In 2009, during my first year of supporting the implementation of PebblePad at an Australian university, I came across an interesting phenomenon. Two academic staff members were both using PebblePad with their students for the first time, in the same unit of the same degree, for the same teaching and learning activities. Yet their experiences and outcomes were extremely different. One was on the phone almost every day, reporting difficulties that their students were experiencing, apparent bugs that they had discovered, issues with connectivity and saving, and a myriad of other problems and concerns. The feedback from that cohort of students was overall quite negative. In contrast I hardly heard from the other staff member and when we met by chance around campus I received enthusiastic reports about how well it was all going, that the students were enjoying working in PebblePad, and that they were having fun learning the tool together.
Why, when I had introduced PebblePad to both these staff members myself, was their experience and the experience of their students so different? I had very little experience with PebblePad myself at that time and so all I could put it down to was a difference in approach but I was unable to articulate it any further.
Over the next 5 years during my work for PebblePad I encountered similar scenarios in our customer institutions. Lots of conversations about this phenomenon have lead me to conclude that a lot of it comes down to attitude. My impression is that there are two attitudes that are crucial for success:
1. "This is the way we now do things."
If this is a given then everyone can move on to focussing on making it work for them. This is where the terms ‘pilot’ or ‘trial’ are so problematic – these give people permission to complain that they don’t like it, it doesn’t work for them, or something else would be better.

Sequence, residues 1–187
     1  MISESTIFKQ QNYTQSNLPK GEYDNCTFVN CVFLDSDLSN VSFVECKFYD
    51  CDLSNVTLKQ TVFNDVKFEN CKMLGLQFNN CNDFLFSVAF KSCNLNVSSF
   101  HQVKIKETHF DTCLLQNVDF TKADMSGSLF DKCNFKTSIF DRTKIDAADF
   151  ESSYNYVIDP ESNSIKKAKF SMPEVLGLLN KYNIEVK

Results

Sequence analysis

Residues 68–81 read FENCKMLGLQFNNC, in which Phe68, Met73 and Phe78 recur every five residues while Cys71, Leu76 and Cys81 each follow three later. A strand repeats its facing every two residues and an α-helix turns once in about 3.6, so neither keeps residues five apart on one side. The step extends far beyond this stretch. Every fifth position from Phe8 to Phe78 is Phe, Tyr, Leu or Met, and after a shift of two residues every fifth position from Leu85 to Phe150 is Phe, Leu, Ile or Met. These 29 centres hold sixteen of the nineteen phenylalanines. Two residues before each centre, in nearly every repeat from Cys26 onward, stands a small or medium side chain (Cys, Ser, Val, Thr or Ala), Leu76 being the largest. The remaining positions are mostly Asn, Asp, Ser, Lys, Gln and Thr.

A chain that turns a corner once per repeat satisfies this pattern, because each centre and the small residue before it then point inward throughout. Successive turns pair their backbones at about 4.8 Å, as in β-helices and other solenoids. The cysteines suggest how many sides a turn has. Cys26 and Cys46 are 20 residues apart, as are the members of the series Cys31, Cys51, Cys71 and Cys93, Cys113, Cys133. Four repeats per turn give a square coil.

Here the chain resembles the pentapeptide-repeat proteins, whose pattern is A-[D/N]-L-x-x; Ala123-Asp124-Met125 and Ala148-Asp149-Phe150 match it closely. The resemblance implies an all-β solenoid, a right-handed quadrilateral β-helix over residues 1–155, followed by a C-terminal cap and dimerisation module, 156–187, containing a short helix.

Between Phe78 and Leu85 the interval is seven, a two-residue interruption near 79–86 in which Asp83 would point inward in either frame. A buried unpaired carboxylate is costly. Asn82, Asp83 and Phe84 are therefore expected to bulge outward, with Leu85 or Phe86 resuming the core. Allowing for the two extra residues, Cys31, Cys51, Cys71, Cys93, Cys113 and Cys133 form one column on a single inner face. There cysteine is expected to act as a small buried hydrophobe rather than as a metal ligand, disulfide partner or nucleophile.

2. "PebblePad adds value for me as a teacher and/or my students as learners."
A teacher must believe that there is value in the use of PebblePad. It takes time and effort to embed it in curriculum and a teacher will only prioritise this and do it effectively if they believe that there is something in it for them and/or their students.
So, what does this mean for practice?
Normalisation is key. Where possible PebblePad needs to be introduced to students and staff as part of everyday business. This is what we use to facilitate these kinds of activities ...
Those who are working with academic staff to embed PebblePad must do so with confidence and enthusiasm. A teacher can be won over or lost at this point. Priscilla Trahar, a Learning Designer at USC, says to the staff that she works with, “Trust me … go and play and you will get it!” And they all do. Priscilla’s attitude of ‘This will work’ is an extremely powerful part of creating teachers who focus on making it work for them.
Time and resources must be allocated to helping teachers at all levels identify the value in PebblePad for them. This has to go all the way down to the casual tutor who often has the most direct contact with students and therefore can be extremely influential in terms of student engagement. If their attitude is one of disbelief their students are unlikely to embrace PebblePad.
So, we disregard the power of attitude at our peril. Not just the attitude of any one individual but the collective attitude at all levels within the organisation. If, at any point, the attitude is not one of ‘Can do …’, there are always those who are ready to agree with, accept, or move towards the attitude of ‘Can’t’ (or ‘won’t’) and use this to justify their non-engagement.